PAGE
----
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After putting prospective law students through a rollercoaster ride for the past few weeks, the CLAT authorities finally released the full merit list last Friday. Now that the first allotment lists has also been published on the CLAT website, the students have some idea of where they stand.
Setting aside the twists and turns associated with this year’s exam, this piece analyses some of the numbers associated with CLAT 2015, and also looks at how students from different states have fared. Towards the end of the list, we have also provided a list of tentative cut-offs for each national law university.
A total of 37,358 candidates wrote CLAT 2015. Out of these, 20,393 (54.6%) were male.
When it comes to the top 100 ranks, boys have done considerably better, having secured eight out of the top ten ranks. Another interesting stat is that the number of boys (63) in the top 100 is almost twice the number of girls.
Unlike last year, the merit list released contains a number of details including which State the aspirant belongs to. Analyse this factor, and the findings are quite interesting.
RMLNLU Vice-Chancellor Dr. Gurdip Singh recently revealed that the state with the most number of applicants for the under-graduate exam was Uttar Pradesh. A total of 969 students from the state feature in the first 5000 ranks; 15 secured ranks in the top 100.
Students from Rajasthan have also done well, bagging 14 of the top 100 ranks. The topper of this year’s exam hails from Madhya Pradesh, which has a total of 11 students in the top 100. Karnataka and Maharashtra have 10 students each in the top 100.
Breakup of seats
For those who are curious about the breakup of seats on offer at the 16 NLUs, here is a table of how a total of 2,220 seats will be split:
Within these seats, there are various national and state-based categories of reservation. Students from Andhra Pradesh and Tamil Nadu will benefit from the huge number of seats allocated for state domicile at DSNLU and TNNLS respectively.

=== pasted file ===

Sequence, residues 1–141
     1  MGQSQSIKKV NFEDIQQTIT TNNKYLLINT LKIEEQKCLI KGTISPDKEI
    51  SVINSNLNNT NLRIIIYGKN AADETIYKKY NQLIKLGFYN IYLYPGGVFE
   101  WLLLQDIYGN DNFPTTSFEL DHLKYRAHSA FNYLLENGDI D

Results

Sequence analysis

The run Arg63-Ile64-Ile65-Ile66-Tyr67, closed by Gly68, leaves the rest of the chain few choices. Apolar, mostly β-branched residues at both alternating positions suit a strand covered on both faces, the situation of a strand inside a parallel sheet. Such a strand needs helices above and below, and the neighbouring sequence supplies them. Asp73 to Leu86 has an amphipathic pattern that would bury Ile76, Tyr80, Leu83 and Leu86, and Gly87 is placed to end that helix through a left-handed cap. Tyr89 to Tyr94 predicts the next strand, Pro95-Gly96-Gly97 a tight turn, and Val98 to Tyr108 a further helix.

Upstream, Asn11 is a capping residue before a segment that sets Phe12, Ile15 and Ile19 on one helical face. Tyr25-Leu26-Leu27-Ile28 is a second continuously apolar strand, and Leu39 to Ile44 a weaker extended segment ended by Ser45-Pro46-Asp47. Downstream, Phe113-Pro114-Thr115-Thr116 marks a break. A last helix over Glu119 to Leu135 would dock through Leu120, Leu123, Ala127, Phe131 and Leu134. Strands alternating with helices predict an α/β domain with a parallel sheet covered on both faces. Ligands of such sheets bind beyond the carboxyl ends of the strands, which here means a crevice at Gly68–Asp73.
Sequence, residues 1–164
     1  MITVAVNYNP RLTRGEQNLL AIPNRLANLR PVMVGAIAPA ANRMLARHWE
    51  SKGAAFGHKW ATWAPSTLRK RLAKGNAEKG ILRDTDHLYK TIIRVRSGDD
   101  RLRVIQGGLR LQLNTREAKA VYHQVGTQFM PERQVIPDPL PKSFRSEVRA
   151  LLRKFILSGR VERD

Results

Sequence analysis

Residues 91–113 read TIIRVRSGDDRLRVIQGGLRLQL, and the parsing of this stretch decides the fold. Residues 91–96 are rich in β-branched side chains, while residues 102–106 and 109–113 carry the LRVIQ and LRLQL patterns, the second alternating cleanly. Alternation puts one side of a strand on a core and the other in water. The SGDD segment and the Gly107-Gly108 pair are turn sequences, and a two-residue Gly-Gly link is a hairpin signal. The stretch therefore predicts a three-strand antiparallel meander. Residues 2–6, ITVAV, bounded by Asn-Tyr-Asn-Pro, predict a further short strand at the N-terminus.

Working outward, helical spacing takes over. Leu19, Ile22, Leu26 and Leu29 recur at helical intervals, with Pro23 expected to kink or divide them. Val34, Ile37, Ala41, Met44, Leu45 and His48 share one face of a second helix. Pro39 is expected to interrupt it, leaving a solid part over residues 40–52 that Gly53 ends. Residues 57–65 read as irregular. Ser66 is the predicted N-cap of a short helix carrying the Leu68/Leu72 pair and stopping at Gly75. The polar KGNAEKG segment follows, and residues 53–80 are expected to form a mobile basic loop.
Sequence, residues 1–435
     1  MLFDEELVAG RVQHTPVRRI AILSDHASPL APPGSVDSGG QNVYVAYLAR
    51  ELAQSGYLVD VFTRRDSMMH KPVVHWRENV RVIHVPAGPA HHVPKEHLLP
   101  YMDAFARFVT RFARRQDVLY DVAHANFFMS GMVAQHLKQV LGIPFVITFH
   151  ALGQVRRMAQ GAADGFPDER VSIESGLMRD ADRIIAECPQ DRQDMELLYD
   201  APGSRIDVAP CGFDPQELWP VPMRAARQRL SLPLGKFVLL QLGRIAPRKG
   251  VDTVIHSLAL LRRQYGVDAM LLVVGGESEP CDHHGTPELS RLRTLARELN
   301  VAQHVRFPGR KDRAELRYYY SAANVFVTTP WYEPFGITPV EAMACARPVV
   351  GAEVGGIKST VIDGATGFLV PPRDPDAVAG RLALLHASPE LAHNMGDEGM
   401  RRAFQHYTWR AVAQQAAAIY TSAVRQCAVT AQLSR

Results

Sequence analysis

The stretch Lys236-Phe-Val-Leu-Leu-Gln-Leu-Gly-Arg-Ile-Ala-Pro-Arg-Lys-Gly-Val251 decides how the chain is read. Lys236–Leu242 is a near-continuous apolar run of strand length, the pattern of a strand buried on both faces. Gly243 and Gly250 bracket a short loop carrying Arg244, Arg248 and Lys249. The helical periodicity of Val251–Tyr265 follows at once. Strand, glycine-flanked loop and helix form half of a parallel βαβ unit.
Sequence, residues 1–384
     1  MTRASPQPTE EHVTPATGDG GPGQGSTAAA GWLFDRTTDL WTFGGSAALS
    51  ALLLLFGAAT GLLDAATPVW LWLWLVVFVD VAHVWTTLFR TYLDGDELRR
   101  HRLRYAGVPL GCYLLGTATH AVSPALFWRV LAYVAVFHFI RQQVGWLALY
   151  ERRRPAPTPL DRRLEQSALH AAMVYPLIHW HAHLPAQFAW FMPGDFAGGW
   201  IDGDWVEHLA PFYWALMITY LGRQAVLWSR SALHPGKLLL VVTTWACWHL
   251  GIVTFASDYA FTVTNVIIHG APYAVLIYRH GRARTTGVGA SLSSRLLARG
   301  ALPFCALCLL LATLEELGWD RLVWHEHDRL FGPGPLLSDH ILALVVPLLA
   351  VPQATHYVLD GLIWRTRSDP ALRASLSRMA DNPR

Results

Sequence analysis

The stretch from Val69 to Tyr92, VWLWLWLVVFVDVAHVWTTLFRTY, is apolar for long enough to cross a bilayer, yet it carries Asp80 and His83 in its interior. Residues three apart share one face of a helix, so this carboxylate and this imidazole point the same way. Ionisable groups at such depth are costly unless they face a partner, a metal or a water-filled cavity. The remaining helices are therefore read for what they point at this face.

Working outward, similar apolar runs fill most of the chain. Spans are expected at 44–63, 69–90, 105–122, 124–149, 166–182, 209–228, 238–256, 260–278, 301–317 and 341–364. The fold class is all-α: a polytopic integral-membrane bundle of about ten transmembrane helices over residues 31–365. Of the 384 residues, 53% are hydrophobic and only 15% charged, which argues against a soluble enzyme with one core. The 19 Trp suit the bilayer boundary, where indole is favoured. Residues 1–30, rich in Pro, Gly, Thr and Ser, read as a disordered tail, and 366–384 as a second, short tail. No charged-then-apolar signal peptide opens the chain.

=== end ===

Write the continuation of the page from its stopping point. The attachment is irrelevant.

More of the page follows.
The other universities with a large number of seats reserved under this category are HNLU, RMLNLU (80 each), CNLU and NUSRL (60 each). NLSIU, NLU J and NLU O are the only universities which do not have reservations under a state domicile category.
Number of locked seats
And speaking of domicile, the first allotment list reveals that most of the candidates who have locked their seats belong to the state domicile category.
With the exception of NLSIU Bangalore, all other universities have a fair amount of vacant seats, with most students hoping for an upgrade.
Only 611 seats have been locked in total, a mere 31% of the total number of seats in the 16 universities.
RGNUL Patiala has the most number of seats vacant (151). Others with a high number of vacancies include TNNLS Tiruchirapalli (148), HNLU Raipur (116) and DSNLU Visakhapatnam (106). The NLUs at Assam and Odisha have only 5 and 12 seats locked respectively.
Tentative Cut-offs (General Category)
The cut-off scores for each university largely depends on the candidates’ preferences. Judging purely from the merit list and taking into account the number of general category seats each university offers, here are the tentative cut-offs for each NLU in the general category.
This does not, in any way mean that students who have got a score of less than 88.75 will not get into an NLU; after all the cut-offs often change drastically as students opt out of the counselling process.